Keir Starmer ‘categorically denies’ threatening Commons Speaker before Gaza debate

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Keir Starmer ‘categorically denies’ threatening Commons Speaker before Gaza debate

Labour leader reveals he spoke to Israeli President Isaac Herzog, US secretary of state Blinken and the PM of Qatar ahead of crafting his party's own Gaza amendment

Lee Harpin is the Jewish News's political editor

Keir Starmer (pic Ian Vogler)
Keir Starmer (pic Ian Vogler)

Keir Starmer has denied threatening Speaker Lindsay Hoyle “in any way whatsoever” over his controversial decision to allow a Labour Gaza ceasefire amendment to heard in a Commons Opposition Day debate.

Speaking to Sky News on Thursday, the Labour leader also revealed he had drafted his party’s amendment after returning from the Munich Security Conference, where he had spoken with the President of Israel and Prime Ministerof Qatar, and also to US Secretary of State Anthony Blinken.

He also accused the SNP and the government of “walking off the pitch” before the Scottish party had failed to “divide Labour” and because the Tories had “lost control over their own MPs” over a vote on their own ceasefire motion.

Starmer said the Labour motion represented a “long term plan on how we get to a peaceful outcome” over the conflict between Israel and Hamas in Gaza.

But he added ahead of Wednesday’s unruly scenes in the Commons:”Of course there were discussions with the Speaker, all party leaders speaker. There was absolutely no threat to the Speaker. What he wanted to do was ensure parliament had the broadest possible debate on the issue, which is very, very important.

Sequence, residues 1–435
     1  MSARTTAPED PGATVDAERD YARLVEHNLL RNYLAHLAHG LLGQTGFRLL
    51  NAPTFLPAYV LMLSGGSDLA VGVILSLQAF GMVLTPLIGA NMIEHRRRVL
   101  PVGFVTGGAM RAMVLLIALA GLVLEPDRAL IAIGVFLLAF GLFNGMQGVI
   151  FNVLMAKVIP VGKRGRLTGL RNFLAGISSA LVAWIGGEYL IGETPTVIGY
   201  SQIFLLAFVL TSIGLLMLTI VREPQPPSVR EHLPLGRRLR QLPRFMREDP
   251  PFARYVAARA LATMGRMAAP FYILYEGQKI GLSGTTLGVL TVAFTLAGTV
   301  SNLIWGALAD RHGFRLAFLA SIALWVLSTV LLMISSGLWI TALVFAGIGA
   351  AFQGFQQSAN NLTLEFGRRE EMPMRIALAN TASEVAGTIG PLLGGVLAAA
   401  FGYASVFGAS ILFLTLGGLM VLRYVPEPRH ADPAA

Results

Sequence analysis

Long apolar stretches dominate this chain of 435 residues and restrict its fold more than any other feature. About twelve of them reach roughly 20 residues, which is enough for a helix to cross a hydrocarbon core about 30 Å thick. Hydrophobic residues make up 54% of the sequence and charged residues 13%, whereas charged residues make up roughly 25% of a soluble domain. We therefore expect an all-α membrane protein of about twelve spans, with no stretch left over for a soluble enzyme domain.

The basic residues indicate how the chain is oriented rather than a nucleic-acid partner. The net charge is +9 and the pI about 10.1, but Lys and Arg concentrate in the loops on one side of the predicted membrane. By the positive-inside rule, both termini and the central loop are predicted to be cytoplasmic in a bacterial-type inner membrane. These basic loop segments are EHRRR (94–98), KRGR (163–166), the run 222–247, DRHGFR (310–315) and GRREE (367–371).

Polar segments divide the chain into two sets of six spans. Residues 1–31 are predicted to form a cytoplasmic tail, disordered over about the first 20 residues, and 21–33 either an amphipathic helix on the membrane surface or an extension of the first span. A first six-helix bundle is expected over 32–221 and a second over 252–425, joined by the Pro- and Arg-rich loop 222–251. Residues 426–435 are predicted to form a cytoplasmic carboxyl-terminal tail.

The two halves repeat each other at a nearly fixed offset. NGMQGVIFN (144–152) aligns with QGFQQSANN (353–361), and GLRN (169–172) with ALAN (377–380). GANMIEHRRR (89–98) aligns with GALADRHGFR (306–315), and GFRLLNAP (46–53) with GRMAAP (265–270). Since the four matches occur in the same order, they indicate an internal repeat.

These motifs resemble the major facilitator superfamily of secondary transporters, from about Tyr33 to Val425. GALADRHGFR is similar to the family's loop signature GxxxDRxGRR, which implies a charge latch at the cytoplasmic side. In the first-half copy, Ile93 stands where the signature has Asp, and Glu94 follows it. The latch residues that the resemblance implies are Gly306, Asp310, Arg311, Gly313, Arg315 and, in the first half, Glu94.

“This is probably the most important issue globally at the moment, the conflict in Gaza and how we bring an end to the terrible situation.”

Pressed by presenter Tamara Cohen to “categorically deny you didn’t threaten to withdraw your support for him after the election”, Starmer then said:”I can categorically tell you that I did not threaten the Speaker in any way whatsoever.”

The Labour leader said Hoyle “did the right thing” and accused the SNP of “walking off the pitch because they wanted to divide the Labour Party and they couldn’t.”

He also said the government also “walked off the pitch” because “it thought it was going to lose a vote” and had “lost control of its own MPs.”

Speaking about the “proposition I put on the table” Starmer said it had been crafted after he returned from Munich where he had “spoken to Secretary of State Blinken, the Prime Minister of Qatar, having spoken to the President of Israel.”

He added:”I have spoken to people actually involved in trying to (stop) this awful conflict. I wanted that proposition heard and voted on.”

The Speaker apologised to MPs again in the Commons on Thursday saying:”I will reiterate I made a judgment call that didn’t end up in the position where I expected it to.

“I regret it. I apologise to the SNP … I apologise and I apologise to the house. I made a mistake. We do make mistakes. I own up to mine.”

He added:”I will defend every member in this House. Every member matters to me in this house.

“And it has been said, both sides, I never ever want to go through a situation where I pick up a phone to find a friend, of whatever side, has been murdered by terrorists.”

Hoyle granted the SNP an emergency debate on Gaza.

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